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Old 26th February 2021, 03:50 PM
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GoodOldNorm GoodOldNorm is offline
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Originally Posted by Martin Aislabie View Post
I use a yellow + polariser together sometimes.

I have always stacked the filters yellow as nearest the camera then polariser - as I tend to have the yellow fitter in any case.

I find the effect different to just having say an orange in place of the yellow.

I find the difference is in the clouds mainly.

Of course yellow does not darken the grass in the same way as orange does.

I have also tried a polariser with deep yellow, light orange and yellow/green.

Watch out though - the filter factors are additive and you start needing to use a tripod.

It doesn't work in all situations but there are some where it is really quite a pleasant effect.

Looking through the viewfinder will show you want you are getting.

If I were you I'd try it in a few different scenarios and see if you like the effect.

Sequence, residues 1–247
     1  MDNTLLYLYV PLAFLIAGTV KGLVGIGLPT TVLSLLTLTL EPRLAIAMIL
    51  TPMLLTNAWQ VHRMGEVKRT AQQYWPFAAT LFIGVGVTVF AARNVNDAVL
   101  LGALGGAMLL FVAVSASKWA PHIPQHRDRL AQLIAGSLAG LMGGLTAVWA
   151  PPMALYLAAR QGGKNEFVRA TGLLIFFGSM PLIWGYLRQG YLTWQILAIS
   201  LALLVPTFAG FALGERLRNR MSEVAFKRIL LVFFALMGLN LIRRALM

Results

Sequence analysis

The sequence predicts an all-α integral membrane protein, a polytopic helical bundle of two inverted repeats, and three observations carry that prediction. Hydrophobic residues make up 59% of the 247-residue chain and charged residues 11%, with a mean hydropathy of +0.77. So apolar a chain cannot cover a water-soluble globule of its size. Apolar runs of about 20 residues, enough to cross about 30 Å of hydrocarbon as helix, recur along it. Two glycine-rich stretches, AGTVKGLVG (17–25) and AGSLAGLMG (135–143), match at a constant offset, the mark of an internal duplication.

Martin
Thank you Martin and the rest of you for your replies, just need lockdown lifting and some patches of blue sky so that I can as my wife says, "go out to play".
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Old 26th February 2021, 05:06 PM
Michael Michael is offline
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If you're using a TLR or an SLR, you can see for yourself what tonal separation either filter gives you on its own: I presume that that is what "natural looking" refers to.
By "natural looking" what I was trying to say was, I prefer to see a sky that is represented by a tone of grey that is realistic and not too dark or too light, giving good separation between the clouds and the ground. Perhaps not the best choice of words, but skies do tend to be an important part of landscape photography and I am trying to get better at it.[/QUOTE]

Norm, you could be straying into split ND territory there? Not something I have ever tried; though I have one somewhere that I inherited.
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